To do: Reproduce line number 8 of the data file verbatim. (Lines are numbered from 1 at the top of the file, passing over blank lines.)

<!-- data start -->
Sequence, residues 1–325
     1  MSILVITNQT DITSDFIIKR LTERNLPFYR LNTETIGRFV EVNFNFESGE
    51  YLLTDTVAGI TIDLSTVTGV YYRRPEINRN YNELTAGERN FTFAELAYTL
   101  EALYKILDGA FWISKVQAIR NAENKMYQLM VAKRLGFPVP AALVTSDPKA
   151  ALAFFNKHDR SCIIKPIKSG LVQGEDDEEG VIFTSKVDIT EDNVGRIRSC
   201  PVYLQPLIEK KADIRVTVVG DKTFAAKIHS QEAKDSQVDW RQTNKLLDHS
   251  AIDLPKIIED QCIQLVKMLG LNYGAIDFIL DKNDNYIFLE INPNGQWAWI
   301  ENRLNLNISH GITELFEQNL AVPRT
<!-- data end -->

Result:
   301  ENRLNLNISH GITELFEQNL AVPRT